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By Lydia Beyoud
The FCC's Wireline Competition Bureau issued a subpoena Jan. 20 ordering special access service providers to furnish customer data as part of the agency's review of the special access industry, with additional time given to smaller providers.
The Federal Communications Commission subpoenaed the information to lay to rest any uncertainty as to special access providers' obligations to respond to the information request, the agency said in a public notice dated Jan. 16 but issued Jan. 20 with the subpoena.
The data collection request is part of an FCC investigation (WC Docket No. 05-25) into whether the rates for special access service by incumbent local exchange carriers in price cap areas are just and reasonable under the Communications Act of 1934. The agency found in 2012 that the pricing flexibility rules it adopted in 1999 for special access service weren't working as intended, and suspended the rules pending the current data collection and any subsequent action, the FCC noted.
Special access services include communications services for businesses, such as from ATMs or credit cards to banks; and internal communications for schools, libraries and governmental organizations, among other uses.
Some special access providers have complained that AT&T Inc. negotiates with them on an unjust and unreasonable basis. The company has rebutted those claims and stated that the tariff probe is unlawful.
“The data sought are necessary for an analysis of the special access market to better target regulatory relief where warranted, promote competition, and increase consumer welfare through competitive rates and increased services offerings,” the FCC said.
The subpoena addresses privacy concerns raised by the National Cable and Telecommunications Association and the USTelecom Association regarding the applicability of federal privacy statutes when responding to a data collection with customer information, the FCC said.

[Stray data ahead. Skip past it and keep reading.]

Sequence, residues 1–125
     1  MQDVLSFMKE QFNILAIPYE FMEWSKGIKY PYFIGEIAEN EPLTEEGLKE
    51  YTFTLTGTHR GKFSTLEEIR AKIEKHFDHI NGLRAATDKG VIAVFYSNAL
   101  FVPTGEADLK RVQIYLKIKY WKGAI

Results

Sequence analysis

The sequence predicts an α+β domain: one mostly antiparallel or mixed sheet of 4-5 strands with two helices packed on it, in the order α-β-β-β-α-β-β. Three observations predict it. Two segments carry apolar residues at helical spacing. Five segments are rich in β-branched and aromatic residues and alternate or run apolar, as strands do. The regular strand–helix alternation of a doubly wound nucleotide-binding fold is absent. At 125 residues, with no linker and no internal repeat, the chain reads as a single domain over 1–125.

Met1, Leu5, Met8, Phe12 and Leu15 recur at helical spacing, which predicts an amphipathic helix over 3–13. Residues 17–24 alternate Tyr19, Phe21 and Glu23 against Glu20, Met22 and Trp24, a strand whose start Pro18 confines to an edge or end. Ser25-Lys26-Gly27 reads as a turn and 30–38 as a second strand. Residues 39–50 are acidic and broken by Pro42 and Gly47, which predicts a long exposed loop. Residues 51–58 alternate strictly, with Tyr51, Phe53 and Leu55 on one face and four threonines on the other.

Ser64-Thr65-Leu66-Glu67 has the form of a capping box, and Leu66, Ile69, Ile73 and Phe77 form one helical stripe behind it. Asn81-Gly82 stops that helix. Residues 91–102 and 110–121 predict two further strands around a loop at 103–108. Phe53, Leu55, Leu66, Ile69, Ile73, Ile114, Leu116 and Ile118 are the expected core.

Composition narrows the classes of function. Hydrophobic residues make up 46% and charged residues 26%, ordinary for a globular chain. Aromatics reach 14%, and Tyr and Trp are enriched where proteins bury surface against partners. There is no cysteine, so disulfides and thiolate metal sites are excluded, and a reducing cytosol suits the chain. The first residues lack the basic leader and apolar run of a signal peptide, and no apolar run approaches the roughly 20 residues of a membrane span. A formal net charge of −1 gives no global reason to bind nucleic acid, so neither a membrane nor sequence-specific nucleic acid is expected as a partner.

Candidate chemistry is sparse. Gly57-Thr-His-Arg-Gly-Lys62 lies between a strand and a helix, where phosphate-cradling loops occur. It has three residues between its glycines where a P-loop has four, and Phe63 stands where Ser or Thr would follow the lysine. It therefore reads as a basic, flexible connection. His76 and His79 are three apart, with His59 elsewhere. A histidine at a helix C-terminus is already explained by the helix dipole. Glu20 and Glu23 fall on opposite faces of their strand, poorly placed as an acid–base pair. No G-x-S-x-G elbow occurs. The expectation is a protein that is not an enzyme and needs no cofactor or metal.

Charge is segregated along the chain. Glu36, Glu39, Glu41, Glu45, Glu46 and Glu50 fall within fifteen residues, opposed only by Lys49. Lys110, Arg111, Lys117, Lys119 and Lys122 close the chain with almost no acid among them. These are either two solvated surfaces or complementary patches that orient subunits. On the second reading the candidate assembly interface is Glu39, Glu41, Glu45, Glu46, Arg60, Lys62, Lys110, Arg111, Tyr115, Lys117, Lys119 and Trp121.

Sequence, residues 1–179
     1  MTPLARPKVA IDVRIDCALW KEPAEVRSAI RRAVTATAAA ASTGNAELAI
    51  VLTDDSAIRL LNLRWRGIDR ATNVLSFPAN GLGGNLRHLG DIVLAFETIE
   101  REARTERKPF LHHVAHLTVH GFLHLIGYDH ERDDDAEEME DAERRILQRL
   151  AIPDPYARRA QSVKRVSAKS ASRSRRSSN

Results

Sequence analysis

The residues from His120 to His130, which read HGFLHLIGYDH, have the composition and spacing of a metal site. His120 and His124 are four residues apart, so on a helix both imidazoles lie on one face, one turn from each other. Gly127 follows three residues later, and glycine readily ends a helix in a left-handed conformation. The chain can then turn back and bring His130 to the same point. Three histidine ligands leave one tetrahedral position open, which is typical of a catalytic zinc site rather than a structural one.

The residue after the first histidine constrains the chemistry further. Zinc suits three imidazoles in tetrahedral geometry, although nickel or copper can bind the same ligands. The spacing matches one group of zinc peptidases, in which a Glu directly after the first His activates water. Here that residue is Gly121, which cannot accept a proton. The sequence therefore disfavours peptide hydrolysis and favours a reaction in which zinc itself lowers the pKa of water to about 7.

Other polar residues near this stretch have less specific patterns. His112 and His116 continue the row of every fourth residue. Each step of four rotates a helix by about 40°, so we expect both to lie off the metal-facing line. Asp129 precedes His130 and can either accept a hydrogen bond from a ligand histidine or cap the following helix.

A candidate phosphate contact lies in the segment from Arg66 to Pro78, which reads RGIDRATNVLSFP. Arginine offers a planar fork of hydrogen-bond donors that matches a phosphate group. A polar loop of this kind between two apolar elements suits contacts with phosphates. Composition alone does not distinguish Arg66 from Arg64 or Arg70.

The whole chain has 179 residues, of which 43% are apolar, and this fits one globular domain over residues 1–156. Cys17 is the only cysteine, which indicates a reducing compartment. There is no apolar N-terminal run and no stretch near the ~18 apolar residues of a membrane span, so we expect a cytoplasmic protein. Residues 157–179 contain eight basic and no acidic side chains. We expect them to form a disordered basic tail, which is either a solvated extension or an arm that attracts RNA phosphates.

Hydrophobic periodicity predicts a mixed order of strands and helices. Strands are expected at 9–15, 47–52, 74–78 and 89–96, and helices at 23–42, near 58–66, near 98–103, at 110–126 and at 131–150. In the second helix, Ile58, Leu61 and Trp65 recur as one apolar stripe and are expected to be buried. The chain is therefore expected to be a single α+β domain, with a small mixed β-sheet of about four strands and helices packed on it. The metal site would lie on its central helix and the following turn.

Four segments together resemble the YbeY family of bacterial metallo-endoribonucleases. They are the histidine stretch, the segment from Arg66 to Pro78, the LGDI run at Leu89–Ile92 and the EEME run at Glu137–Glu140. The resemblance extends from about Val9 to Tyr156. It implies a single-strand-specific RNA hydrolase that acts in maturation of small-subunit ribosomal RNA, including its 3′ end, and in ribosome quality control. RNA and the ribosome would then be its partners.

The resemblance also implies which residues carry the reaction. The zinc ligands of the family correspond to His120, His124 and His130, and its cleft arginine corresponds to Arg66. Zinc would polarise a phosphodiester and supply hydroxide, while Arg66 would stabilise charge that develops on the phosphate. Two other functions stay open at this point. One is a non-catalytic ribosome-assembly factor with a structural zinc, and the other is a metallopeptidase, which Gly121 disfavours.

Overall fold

“The Bureau appreciates the privacy interests of consumers in their information and will protect reported information from unauthorized disclosure in accordance with the protective order previously issued for this collection,” it said.
The FCC said it would help protect customer information by masking customer names reported in billing data with identification codes, host the data in a secure location subject to certain restrictions and only allow authorized individuals to access the information, among other protections.
Businesses with more than 1,500 employees must provide the information by Jan. 29. Providers with fewer than 1,500 employees must respond by Feb. 27, the FCC said.
FairPoint Communications, Inc., a mid-size special access service provider headquartered in Charlotte, N.C., asked the FCC for a 90-day filing extension, according to a Jan. 20 FCC filing.
A union walk-out and “a confluence of severe weather events” at the end of 2014 “have made it impossible for the petitioning companies to fully comply with the Special Access Data Collection deadline” on Jan. 29, it said. Six of the company's subsidiaries should be able to meet the deadline, but four price cap companies seek until April 29 to furnish their data.
To contact the reporter on this story: Lydia Beyoud in Washington at email@example.com
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Text of the public notice is at http://transition.fcc.gov/Daily_Releases/Daily_Business/2015/db0116/DA-15-66A1.pdf.
Text of the FairPoint filing is at http://apps.fcc.gov/ecfs/document/view?id=60001012975.
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